Oh September, with back to school excitement here in Wisconsin and seemingly so many new books to explore. This has been a great month for picture books in our classroom as we started to build our reading community and discover how meaningful reading can really be. Yesterday as I decided which new picture books to put on display, I realized that surely I must highlight a few of them to others, because I cannot be the only one obsessing over all of these picture books.
If you would like to see what else I am reading, follow me on Instagram, I highlight the best books that I read on my account. Now is also the time I start to think about our Mock Caldecott unit, and some of these highlighted here are definitely on that list.
Maybe Something Beautiful written by F. Isabell Campoy and Theresa Howeel and illustrated by Rafael Lopez is well, beautiful. The story of how a neighborhood was changed from adding art to the gray buildings is also one that is inspirational. I love how this can inspire conversations about the small changes we can make that will have a great impact.
I love informational picture books because of our epic non-fiction picture book project. Gilbert Ford’s The Marvelous Thing That Came From a Spring is not just a great story, the illustrations are fantastic in it with their mixed media form. This is a book I will use as an example of how you can write great informational text that reads like a story.
I am always on the look out for small moment picture books because they are such great teaching tools, in fact, soon an entire post will be dedicated to these picture books. So Pond by Jim LaMarche is a welcome addition to our classroom as it follows Matt and his friends’ dedication to bringing the pond back to life.
Another fascinating picture book for how to write great informational text is Octopuses One to Ten By Ellen Jackson and Robin Page. You do not have to love octopuses to be in love with this book and how they weave fact upon fact into a counting book.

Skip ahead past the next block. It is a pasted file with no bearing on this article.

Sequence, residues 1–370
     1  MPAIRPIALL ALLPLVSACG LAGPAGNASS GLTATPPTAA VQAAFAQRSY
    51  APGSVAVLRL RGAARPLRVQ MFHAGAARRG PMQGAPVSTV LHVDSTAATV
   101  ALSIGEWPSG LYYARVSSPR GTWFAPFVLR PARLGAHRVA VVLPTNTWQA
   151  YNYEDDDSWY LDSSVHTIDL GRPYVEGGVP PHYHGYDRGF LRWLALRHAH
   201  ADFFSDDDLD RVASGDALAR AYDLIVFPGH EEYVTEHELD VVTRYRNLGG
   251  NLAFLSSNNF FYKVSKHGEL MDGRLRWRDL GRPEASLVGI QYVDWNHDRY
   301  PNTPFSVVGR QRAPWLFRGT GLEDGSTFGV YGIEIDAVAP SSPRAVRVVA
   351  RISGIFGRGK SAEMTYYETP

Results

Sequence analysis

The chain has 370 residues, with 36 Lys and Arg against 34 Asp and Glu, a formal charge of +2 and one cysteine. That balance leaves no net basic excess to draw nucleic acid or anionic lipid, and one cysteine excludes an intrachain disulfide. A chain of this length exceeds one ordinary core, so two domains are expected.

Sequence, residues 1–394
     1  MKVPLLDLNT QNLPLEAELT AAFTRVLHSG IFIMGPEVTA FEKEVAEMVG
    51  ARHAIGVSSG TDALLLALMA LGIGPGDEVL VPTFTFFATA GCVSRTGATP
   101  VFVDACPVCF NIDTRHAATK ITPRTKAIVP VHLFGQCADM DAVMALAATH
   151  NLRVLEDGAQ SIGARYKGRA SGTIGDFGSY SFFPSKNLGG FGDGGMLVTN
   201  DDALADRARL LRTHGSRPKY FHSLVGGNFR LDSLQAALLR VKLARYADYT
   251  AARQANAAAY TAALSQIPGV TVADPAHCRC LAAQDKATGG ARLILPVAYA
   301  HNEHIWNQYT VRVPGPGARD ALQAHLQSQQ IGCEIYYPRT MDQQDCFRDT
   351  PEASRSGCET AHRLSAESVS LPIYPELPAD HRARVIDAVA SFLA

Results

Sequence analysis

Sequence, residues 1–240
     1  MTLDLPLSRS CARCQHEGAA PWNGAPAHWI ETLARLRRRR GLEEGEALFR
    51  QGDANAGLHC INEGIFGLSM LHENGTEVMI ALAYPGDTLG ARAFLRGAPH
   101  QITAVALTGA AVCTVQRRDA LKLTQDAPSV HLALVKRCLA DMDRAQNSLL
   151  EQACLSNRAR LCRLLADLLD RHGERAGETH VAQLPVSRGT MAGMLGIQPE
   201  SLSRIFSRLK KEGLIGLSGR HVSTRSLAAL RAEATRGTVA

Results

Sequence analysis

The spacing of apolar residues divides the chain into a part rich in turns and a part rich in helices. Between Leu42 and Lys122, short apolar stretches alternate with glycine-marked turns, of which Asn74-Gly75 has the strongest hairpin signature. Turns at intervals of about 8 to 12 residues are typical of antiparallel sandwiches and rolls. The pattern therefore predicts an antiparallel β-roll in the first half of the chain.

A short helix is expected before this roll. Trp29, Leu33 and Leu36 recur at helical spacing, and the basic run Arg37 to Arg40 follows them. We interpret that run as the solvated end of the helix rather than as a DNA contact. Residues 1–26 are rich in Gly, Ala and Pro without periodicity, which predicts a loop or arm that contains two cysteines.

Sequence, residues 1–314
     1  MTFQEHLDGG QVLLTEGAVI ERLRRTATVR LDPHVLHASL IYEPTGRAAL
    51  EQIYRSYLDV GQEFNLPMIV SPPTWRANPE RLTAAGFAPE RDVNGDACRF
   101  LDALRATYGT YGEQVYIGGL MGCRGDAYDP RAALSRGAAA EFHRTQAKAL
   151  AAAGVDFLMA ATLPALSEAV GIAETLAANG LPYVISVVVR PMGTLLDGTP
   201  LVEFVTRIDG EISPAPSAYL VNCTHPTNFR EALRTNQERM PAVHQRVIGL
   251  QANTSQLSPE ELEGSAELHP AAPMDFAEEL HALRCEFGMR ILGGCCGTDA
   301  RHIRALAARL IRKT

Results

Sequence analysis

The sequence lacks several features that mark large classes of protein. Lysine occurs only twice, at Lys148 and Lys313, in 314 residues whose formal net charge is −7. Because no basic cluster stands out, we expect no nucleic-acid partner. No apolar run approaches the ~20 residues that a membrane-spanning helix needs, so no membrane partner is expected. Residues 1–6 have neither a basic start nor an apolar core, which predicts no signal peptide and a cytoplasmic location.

I know I am lucky that I have already received this book. This is one of those books that we eagerly await and I am so excited to share it with my class. Jon Klassen’s hat books are on numerous other lists on this blog and he does not disappoint with the final book in the trilogy We Found a Hat.
I have loved Ruth Bader Ginsberg and her take on the Constitution for a few years but it was an absolute delight to find out more about her in the new picture book about her life. In I Dissent: Ruth Bader Ginsberg Makes Her Mark written by Debbie Levy and illustrated by Elizabeth Baddeley we really get to understand why RBG is such an important part of our judicial and political history as a nation.
Oh what can I say about this stunningly beautiful book? The Uncorker of Ocean Bottles written by Michelle Cuevas and illustrated by Erin E. Stead is everything that I love about picture books; a moving story, beautiful illustrations, and a message that stays with you long after you have read it.
What happens when the Snurtch keeps ruining your day? How many kids can relate to the picture book The Snurtch by Sean Ferrell and illustrated by Charles Santoso. This is a great picture book to talk about figurative meaning as well.
A Bike Like Sergio’s written by Maribeth Boelts and illustrated by Noah Z. Jones was a hit at our house. So much so that we read it once and then my oldest asked me to read t again. It is a book with a great message that can inspire conversation about how to do the right thing even when it seems like it would be better to not do the right thing.